The use of a dedicated voting platform not only streamlined the voting process but also enhanced the overall experience for participants and spectators alike. By celebrating both novice and advanced entries, Graffathon 2024 fostered an inclusive and inspiring environment where creativity and technical skill were equally valued and recognized.

The competition machine ran Linux
The competitions PC was a Linux machine. At first it was a bit excentric with the sound playback but the organizers coerced it into cooperation.

Competition Submissions and Results

The winners were announced and celebrated during the awards ceremony. The closing remarks included insights on future events and activities, encouraging continued involvement in the demoscene community. Please find the results below and on the official Demozoo entry for Graffathon 2024.

Results of the Advanced Category

1. Twos complement by as graffa bois 120 points
2. Splines, sdfs and a synthdef by rokas 116 points
3. Sun-kissed garden by Teemu 99 points
4. Floating Point by Magnetismin Tietokonekerho 95 points
5. Kirsikankukka ja kurikan kuu by papu^Magnetismin Tietokonekerho 73 points

Results of the Beginners Category

1. We are doing ARt by bukomp40 137 points
2. CATRO by Veikko & Valiobeats 135 points
3. Box Assert by Sam Westerlund 112 points
4. cottage cheese by SuperRuusu 101 points
5. My First Demo by Ville S 96 points
6. projectWHERE by Shamit Ahmed 89 points
7. Shared place Forest for the Trees by Team Forest 86 points
modulated_space by greenhouse 86 points
9. Virman bileet goes Avaruus by vaDOD 74 points
10. Shared place Light of Discernment by appas 73 points
GLITCH EPILEPSÍ by Bala-Koala - That's me! 73 points
12. 3 of Darkness by Archit3ch + Arka 61 points

Closing Ceremony and Looking Ahead

As Graffathon 2024 drew to a close, the atmosphere at the Aalto Design Factory was filled with excitement. The final hours of the event were dedicated to celebrating the participants' hard work and creativity.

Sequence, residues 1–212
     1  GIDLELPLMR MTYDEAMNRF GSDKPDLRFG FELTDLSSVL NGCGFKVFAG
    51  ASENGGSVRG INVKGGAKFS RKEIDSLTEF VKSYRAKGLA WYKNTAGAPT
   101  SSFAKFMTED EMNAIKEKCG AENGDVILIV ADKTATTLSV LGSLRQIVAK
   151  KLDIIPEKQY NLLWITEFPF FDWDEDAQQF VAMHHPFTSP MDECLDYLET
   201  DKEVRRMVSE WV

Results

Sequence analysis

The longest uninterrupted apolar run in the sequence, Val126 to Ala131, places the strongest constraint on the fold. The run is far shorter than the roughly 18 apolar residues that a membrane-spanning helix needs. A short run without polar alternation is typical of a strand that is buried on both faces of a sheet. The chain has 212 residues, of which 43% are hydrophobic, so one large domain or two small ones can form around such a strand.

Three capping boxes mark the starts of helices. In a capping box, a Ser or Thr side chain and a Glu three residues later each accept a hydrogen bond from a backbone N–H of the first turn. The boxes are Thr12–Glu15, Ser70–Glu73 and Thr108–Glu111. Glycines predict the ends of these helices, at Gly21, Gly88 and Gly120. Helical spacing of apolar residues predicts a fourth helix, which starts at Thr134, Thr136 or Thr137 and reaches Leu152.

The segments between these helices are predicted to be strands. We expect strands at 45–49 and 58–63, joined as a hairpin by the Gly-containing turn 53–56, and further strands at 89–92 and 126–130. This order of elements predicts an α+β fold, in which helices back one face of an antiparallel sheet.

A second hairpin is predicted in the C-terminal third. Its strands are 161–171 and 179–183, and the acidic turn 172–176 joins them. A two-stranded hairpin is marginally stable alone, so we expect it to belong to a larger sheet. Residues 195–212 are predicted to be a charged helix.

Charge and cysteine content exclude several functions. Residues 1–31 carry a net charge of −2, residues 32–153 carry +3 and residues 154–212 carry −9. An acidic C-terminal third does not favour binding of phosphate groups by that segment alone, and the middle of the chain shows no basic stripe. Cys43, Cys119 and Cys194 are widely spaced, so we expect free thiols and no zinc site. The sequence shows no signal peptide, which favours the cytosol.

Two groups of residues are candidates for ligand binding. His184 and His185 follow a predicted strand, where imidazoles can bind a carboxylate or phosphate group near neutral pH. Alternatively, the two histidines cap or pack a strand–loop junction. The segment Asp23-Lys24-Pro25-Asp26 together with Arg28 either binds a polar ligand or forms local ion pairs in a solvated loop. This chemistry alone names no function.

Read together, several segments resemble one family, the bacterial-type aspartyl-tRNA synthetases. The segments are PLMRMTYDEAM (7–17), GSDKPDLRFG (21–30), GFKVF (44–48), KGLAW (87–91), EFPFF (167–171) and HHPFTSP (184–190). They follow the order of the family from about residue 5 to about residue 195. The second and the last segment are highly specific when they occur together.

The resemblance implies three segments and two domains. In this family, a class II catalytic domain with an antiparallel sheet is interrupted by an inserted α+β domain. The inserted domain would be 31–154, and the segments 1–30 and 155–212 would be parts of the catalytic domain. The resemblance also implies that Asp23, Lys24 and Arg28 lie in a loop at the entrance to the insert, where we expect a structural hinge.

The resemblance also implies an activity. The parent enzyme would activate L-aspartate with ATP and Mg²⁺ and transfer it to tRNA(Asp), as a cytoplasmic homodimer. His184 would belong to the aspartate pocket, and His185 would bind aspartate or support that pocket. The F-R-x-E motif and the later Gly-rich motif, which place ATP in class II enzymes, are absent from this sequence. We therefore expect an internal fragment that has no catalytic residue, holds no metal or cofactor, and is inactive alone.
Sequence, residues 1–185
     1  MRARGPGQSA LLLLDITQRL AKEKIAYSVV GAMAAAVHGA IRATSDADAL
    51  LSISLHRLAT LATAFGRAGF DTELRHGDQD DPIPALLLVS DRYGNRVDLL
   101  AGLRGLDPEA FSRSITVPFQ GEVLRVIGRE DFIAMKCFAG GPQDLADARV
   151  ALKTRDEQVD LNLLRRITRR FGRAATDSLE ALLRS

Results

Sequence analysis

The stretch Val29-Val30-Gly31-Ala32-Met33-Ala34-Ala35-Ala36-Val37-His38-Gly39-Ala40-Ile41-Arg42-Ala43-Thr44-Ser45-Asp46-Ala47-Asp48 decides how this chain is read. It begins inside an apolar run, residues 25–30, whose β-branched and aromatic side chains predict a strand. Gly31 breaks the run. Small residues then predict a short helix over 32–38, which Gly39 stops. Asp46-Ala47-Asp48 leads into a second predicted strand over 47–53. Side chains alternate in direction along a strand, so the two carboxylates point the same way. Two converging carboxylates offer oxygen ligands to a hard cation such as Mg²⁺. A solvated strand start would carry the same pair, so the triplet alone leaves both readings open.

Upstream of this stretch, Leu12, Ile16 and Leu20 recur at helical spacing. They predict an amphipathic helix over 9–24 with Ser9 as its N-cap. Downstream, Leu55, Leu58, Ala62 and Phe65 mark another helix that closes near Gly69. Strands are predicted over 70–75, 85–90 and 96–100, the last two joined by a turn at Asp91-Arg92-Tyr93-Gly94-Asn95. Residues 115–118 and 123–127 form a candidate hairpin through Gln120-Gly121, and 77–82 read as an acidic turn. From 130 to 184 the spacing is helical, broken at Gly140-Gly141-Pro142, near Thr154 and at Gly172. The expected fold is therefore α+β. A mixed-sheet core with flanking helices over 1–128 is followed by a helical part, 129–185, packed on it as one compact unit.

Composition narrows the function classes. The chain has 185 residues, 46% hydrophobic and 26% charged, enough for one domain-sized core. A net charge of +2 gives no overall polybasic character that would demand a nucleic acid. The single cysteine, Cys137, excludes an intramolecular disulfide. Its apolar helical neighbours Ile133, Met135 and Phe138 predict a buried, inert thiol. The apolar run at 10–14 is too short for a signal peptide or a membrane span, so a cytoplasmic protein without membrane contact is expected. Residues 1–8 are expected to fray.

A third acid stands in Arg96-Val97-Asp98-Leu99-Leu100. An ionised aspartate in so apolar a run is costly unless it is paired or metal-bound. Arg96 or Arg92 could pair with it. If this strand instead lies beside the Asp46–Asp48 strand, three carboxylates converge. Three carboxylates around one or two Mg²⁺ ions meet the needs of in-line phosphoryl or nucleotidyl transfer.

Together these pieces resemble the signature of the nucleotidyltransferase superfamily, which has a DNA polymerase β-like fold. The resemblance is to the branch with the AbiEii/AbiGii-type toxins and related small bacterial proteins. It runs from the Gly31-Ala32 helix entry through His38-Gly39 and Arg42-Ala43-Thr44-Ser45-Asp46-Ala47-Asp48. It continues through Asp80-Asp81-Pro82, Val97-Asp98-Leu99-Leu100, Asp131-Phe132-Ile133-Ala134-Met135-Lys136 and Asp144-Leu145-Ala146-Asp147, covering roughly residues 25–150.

The anticipation culminated in the awards ceremony, where the best demos in both the Beginners and Advanced categories were recognized. Winners received accolades not only for their technical prowess but also for their artistic ingenuity and the impact of their creations. The teams or individuals who won the first place in one of the two categories received a ticket to Assembly. All other winners got a fine-looking certificate as a memento.

Felix on stage announcing Graffathon 2025
Felix Bade from the organizer team took to the stage to announce that the next Graffathon was planned for June 6 to 8, 2025.

The event concluded with a heartfelt closing ceremony. Organizers reflected on the journey over the past three days, highlighting the collaboration, innovation, and community spirit that defined Graffathon 2024. Attendees were encouraged to stay connected and continue exploring the demoscene culture.

With the success of this year's event, the organizers were thrilled to announce the dates for Graffathon 2025 on June 6 to 8, 2025. Promising even more opportunities for creativity and collaboration, the next event is already generating excitement within the community.

For me, Graffathon 2024 was a wonderful event demonstrating the power of combining technology and art, bringing together a diverse group of individuals united by their passion for creation!

I'd like to thank the organizers at Digital Media Club Aalto University and the Aalto Design Factory for their hard work in making Graffathon 2024 a reality. I'd also like to express my utmost admiration to the participants for their creativity, dedication, and camaraderie. It was an unforgettable experience, and I look forward to seeing what the future holds for Graffathon and the demoscene community.

Marin looking into the camera standing in front of the Aalto Design Factory
Leaving the Aalto Design Factory after Graffathon 2024.

The baffling Midnight Sun in Helsinki.
The Kamppi area in Helsinki ten minutes before midnight: the horizon was illuminated by the baffling "Midnight Sun".

My Little Demo

This was actually the first full demo release I submitted at a demoparty (in the past demoparties, I only participated in the graphics compos).

Even though I had a lot of fun making it and it really opened up my mind to keep working with Processing, I do admit, my demo just sucks and that some of the effects do things that I did not expect 🤣 It is terrible and no-one should sit through this. But it is my kind of terrible. I certainly learned a lot from it. So now I can work on a cool submission for another demoparty (perhaps Evoke 2024 in August).

The result of the voting is evidence enough. I share the second to last place in the Beginners category together with another demo. But it is a start! I will make more and hopefully better demos.

My Processing code can be found here in the GitHub repository:

Video capture of GLITCH EPILEPSÍ | Bala-Koala (direct link to Youtube)